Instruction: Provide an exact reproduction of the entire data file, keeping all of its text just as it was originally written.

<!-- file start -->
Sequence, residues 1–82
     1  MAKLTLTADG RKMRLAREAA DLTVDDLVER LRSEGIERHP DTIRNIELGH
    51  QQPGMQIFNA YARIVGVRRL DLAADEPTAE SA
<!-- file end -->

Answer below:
Sequence, residues 1–82
     1  MAKLTLTADG RKMRLAREAA DLTVDDLVER LRSEGIERHP DTIRNIELGH
    51  QQPGMQIFNA YARIVGVRRL DLAADEPTAE SA